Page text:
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Crossing the Indian Ocean Guide 2015

By Jason Trautz — last modified Jul 04, 2017 11:15 PM
A useful report by Jason Trautz on his experiences while taking a 10 month cruise from Thailand to South Africa in 2015.

Published: 2016-01-05 00:00:00
Topics: Indian Ocean
Countries: Madagascar , BIOT (Chagos) , Maldives , Mauritius , Mozambique , Reunion Island , South Africa , Sri Lanka , Thailand

The following information is provided to help sailors crossing the Indian Ocean. This information is based on two U.S.A. citizens on the 42 foot catamaran YOLO.  Consider the navigational information as suggestions, and rely on your own sailing skills for accuracy and safety.

INTRODUCTION

I'm inherently lazy, hate the four letter word "plan," tend to error on the side of perfectionism, and love a good adventure.  So there you go...I'm like many other cruisers, burp!  The goal of this article is to save you time and money, and to increase your safety and pleasure.  The YOLO Indian Ocean Crossing Plan required over a hundred hours to collect weather, wind, current, port, travel, and Google Earth shot information.

The YOLO Indian Ocean Crossing Guide was created with several goals in mind.  "Goal," another four letter word that reminds we of "work."  Please, put a flare gun to my head before I type further...

1.  Travel with the trade winds.

2.  Seek good weather while on passage and in port.

3.  Avoid fighting wind, waves, and currents.

4.  Maximize my exposure to Indian Ocean cultures and nations.

5.  Minimize provisioning, fuel, and clearance costs.

6.  Minimize the number of offshore passage miles and the minimize the number of long offshore passages.

7.  Keep my Admiral happy.

THREE OCEAN CROSSING OPTIONS

In general there are three options for those crossing the Indian Ocean:

1.  Northern Route:  If you plan to head off to Europe via the Red Sea most cruisers leave from Malaysia or Thailand.  They often visit Sri Lanka, India, and a couple of other northern Indian Ocean countries before entering the Red Sea.

2.  Southern Route:  You plan to leave Malaysia, Singapore, Indonesia, or Australia during the second half of the calendar year and sail to South Africa.  This route requires longer passages which often times includes several stops at places like Christmas Island, Cocos Keeling Island, Mauritius, and/or Reunion.  This is sometimes a quick-paced jump across the Indian Ocean, via the express lane.

3.  Northern Then Southern Route:  Most cruisers start in Malaysia or Thailand, then sail off to most of these locations:  Sri Lanka, India, Maldives, Chagos, Rodriques Island (Mauritius), Mauritius, Reunion, Madagascar, and down the Mozambique coast to South Africa.  Historically, some yachts have modified this route by leaving the Maldives and visiting the Seychelles Islands and skipping Rodriques, Mauritius, and Reunion, then picking up the route at Madagascar.  This crossing is often started early in the calendar year and typically has a relaxed pace of ten or more months.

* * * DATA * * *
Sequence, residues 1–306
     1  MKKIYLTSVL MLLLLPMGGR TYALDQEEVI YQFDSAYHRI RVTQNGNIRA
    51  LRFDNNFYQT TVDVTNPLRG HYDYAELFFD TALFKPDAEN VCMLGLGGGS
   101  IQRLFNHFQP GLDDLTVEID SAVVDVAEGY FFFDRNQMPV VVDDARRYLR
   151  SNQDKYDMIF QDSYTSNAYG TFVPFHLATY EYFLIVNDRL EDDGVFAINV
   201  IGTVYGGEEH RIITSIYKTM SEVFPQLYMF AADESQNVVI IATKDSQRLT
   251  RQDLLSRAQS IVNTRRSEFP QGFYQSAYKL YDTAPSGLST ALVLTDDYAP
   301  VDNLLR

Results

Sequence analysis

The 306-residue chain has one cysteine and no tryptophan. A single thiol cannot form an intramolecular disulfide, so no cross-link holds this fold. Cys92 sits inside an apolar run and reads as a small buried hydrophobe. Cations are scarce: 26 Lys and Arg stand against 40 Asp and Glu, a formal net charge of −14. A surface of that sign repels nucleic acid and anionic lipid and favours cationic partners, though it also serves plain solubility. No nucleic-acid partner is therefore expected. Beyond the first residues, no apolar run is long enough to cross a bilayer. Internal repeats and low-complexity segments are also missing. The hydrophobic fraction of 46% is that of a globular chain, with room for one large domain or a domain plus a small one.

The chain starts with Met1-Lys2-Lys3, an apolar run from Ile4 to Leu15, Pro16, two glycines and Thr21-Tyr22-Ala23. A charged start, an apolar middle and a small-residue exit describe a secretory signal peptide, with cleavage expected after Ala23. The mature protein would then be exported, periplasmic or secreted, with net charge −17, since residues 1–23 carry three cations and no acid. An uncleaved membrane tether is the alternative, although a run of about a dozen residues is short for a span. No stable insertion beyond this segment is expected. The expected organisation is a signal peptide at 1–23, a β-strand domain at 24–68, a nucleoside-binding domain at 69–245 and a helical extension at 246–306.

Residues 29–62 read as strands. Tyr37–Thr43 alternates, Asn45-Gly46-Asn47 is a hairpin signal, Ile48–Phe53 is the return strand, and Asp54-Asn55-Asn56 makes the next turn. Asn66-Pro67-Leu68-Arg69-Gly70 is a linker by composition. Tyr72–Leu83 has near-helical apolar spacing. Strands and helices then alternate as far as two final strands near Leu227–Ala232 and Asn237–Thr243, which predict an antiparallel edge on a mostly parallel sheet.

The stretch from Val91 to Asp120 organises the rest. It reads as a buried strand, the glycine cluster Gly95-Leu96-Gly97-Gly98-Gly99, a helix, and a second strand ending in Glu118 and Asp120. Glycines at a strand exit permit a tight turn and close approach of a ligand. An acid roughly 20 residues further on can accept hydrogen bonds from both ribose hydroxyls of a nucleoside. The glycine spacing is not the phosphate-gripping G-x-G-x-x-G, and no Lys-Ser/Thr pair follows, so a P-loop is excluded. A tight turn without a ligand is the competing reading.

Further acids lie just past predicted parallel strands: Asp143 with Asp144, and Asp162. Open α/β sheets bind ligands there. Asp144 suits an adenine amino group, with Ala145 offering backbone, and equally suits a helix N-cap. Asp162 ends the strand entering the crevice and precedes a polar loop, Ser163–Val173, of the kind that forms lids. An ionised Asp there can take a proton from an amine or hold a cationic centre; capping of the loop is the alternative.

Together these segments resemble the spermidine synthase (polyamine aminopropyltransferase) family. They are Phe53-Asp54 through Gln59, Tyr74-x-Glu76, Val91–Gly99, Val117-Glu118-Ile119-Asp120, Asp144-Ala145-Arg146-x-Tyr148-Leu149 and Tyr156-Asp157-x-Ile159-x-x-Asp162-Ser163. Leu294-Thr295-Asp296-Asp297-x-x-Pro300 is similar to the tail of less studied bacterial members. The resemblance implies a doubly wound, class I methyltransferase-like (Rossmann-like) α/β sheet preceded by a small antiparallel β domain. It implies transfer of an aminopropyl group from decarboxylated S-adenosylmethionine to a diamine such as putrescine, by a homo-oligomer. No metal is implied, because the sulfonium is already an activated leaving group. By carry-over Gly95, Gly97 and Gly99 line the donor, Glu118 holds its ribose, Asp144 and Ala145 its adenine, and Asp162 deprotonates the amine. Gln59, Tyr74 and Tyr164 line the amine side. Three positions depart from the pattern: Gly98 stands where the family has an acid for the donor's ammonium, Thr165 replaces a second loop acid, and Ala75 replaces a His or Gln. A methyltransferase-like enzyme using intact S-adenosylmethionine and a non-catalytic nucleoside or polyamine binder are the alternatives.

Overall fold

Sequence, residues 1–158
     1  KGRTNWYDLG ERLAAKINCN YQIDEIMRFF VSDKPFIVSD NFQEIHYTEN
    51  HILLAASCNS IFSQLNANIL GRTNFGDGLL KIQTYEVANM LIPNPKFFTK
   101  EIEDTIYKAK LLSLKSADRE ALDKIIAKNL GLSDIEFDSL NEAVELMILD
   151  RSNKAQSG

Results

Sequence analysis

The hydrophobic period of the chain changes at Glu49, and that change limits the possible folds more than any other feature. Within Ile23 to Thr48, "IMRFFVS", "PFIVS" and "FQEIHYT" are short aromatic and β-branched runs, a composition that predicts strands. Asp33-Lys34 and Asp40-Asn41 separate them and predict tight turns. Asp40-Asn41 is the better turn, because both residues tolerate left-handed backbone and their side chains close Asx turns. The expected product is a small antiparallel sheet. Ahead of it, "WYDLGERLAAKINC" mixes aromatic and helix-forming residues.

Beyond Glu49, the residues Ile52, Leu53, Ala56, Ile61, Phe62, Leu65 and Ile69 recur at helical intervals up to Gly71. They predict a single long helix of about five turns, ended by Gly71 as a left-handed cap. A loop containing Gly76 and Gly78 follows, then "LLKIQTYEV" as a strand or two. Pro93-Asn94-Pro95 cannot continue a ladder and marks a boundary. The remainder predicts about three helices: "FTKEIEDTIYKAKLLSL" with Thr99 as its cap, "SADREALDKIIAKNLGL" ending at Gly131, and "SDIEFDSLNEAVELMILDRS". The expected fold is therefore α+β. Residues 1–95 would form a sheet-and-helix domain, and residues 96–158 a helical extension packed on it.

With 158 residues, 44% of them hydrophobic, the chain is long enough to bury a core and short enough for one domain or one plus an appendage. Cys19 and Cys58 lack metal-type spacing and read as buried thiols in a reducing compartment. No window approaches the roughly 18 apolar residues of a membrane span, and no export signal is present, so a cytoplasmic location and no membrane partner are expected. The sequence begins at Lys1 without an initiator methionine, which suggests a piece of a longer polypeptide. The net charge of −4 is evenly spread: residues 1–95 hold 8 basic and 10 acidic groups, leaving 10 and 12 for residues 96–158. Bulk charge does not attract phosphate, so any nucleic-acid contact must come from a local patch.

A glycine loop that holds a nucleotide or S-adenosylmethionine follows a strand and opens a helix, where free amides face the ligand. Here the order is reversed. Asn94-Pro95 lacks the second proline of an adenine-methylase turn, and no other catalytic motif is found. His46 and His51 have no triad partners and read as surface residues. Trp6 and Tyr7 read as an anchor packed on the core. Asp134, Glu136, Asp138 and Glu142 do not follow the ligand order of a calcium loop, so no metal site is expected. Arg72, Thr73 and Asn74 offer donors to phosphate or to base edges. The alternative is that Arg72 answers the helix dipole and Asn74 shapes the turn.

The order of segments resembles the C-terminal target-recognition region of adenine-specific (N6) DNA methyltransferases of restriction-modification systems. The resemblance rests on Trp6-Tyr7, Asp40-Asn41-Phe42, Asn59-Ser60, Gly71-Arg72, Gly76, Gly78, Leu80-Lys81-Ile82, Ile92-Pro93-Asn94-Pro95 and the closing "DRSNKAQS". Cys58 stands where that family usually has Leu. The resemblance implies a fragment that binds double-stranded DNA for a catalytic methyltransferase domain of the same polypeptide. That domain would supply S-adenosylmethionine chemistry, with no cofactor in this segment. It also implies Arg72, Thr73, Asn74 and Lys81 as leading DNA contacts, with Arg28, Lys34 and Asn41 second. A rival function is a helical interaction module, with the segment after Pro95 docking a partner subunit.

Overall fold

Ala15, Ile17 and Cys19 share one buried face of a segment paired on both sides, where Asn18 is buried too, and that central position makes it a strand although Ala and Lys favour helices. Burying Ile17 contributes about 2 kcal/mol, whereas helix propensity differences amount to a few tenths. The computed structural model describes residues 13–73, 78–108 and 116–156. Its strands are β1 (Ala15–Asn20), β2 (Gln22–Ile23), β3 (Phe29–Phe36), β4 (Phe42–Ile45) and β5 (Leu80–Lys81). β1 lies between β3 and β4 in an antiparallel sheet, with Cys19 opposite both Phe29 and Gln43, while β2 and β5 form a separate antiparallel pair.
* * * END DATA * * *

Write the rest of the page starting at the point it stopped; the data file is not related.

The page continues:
I started my Northern Then Southern Route crossing in Thailand in mid-January and reached Richards Bay, South Africa in mid-November.  With a few minor exceptions, my goals were achieved.  A summary of the YOLO Indian Ocean Crossing Plan is noted below.  You can follow in my wake to the "T," or modify your travels like a rational planet explorer.

USER GUIDE

This information is an overview.  If you want to peel-the-onion and dig into the nauseous details concerning each Indian Ocean country and port I visited, you will have to type YOLO or Jason Trautz into the Noonsite Search box.  Then select the country in question.  Warning, I documented about two hundred pages of clearance and cruising information in 13 articles concerning my Indian Ocean experiences.

Distance To This Port:  The number of nautical miles along the rhumb line from the last port-of-call.  Wind, weather, current, and other factors will probably increase this figure.

Heading To This Port:  The true degrees along the rhumb line from the last port-of-call.  In some cases nasty things like land (another four letter word) would compromise your route, such as going around the southern tip of Sri Lanka.  In these cases I listed the heading of the longest distance traveled between two ports.

1ST - DEPARTURE POINT - THAILAND

DEPARTURE PORT:  Phuket, 07.49 North and 098.21 East

DEPARTURE DATE:  Mid-January

COMMENTS AND HIGHLIGHTS:  Get out of southeast Asia early in the year, there is plenty to see and do while crossing the Indian Ocean.  Try to avoid the typical light winds of the northern Indian Ocean.  Leave with a strong trade wind from the northeast.  When in SE Asia most cruisers find it difficult to secure a visa in advance for visiting India, which is a requirement.  Consequently, most cruisers skipped India and the Andamans, in 2015.  If your heart is set on visiting mainland India, get your India visas in Sri Lanka.  Make sure you make contact with your Sri Lanka agent BEFORE you depart for Trincomalee, Sri Lanka.  Also finish off the British Indian Ocean Territory application process for visiting Chagos BEFORE you leave SE Asia.

2ND  - SRI LANKA

ARRIVAL PORT:  Trincomalee, 08.34 N and 081.14 E

ARRIVAL  DATE:  Late January

DISTANCE TO THIS PORT:  1,155 nm

HEADING TO THIS PORT: 256 T

DEPARTURE PORT:  Trincomalee

DEPARTURE DATE:  30 days after arrival, late February.

COMMENTS AND HIGHLIGHTS:  Sri Lanka's multi-culturalism is the best.  If you are going to India, get your visa while in Sri Lanka, in most cases it will be quickly approved.  Also make sure you arrange for a Maldives agent in advance.  Plan on spending at least 10 days doing Sri Lanka land travel.  Enjoy the thrill of the public buses and crowded trains, ride an Asian elephant, and absorb the beautiful country side.

3RD - MALDIVES

ARRIVAL PORT:  Uligamu on Haa Alifu Island, 07.05 N and 072.56 E

ARRIVAL  DATE:  Early March

DISTANCE TO THIS PORT:  705 nm

HEADING TO THIS PORT:  280 T

DEPARTURE PORT:  Gan, on Addoo Atoll, 00.41 S and 073.09 E

DEPARTURE DATE:  60 days after arrival, early May

COMMENTS AND HIGHLIGHTS:  The Maldives covers a huge territory, don't rush you cruising experience into a short time period.  Spending 60 days in the Maldives will barely scratch the surface of this aquatic nation.  The longer your stay, the lower your cost per day will be.  Expect a lot of motoring, good winds seldom occur at the equator.  The snorkeling and diving is excellent.  Just before clearing out at Gan, provision for the upcoming passages and visit to Chagos,  Also, contact the British Indian Ocean Territory office and give them your new ETA for the Salomon Islands, Chagos.